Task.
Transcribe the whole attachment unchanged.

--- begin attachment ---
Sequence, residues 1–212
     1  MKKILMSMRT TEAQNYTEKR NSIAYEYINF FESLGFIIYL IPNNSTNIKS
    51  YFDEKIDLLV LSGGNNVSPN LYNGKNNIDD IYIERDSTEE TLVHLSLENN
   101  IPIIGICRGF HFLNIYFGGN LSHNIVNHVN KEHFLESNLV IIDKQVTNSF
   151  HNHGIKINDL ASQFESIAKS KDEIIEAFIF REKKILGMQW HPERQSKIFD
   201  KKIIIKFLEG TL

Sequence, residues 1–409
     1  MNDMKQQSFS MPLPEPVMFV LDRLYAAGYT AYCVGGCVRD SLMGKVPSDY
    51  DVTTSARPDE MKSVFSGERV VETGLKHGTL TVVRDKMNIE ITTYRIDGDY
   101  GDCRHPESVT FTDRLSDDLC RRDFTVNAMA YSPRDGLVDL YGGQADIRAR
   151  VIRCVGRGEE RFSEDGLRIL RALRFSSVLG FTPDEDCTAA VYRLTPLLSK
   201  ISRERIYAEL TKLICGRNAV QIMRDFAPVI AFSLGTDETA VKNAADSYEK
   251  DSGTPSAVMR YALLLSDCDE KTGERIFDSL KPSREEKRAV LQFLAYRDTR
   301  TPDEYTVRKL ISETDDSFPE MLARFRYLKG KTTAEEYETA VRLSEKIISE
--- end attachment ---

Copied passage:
Sequence, residues 1–212
     1  MKKILMSMRT TEAQNYTEKR NSIAYEYINF FESLGFIIYL IPNNSTNIKS
    51  YFDEKIDLLV LSGGNNVSPN LYNGKNNIDD IYIERDSTEE TLVHLSLENN
   101  IPIIGICRGF HFLNIYFGGN LSHNIVNHVN KEHFLESNLV IIDKQVTNSF
   151  HNHGIKINDL ASQFESIAKS KDEIIEAFIF REKKILGMQW HPERQSKIFD
   201  KKIIIKFLEG TL

Sequence, residues 1–409
     1  MNDMKQQSFS MPLPEPVMFV LDRLYAAGYT AYCVGGCVRD SLMGKVPSDY
    51  DVTTSARPDE MKSVFSGERV VETGLKHGTL TVVRDKMNIE ITTYRIDGDY
   101  GDCRHPESVT FTDRLSDDLC RRDFTVNAMA YSPRDGLVDL YGGQADIRAR
   151  VIRCVGRGEE RFSEDGLRIL RALRFSSVLG FTPDEDCTAA VYRLTPLLSK
   201  ISRERIYAEL TKLICGRNAV QIMRDFAPVI AFSLGTDETA VKNAADSYEK
   251  DSGTPSAVMR YALLLSDCDE KTGERIFDSL KPSREEKRAV LQFLAYRDTR
   301  TPDEYTVRKL ISETDDSFPE MLARFRYLKG KTTAEEYETA VRLSEKIISE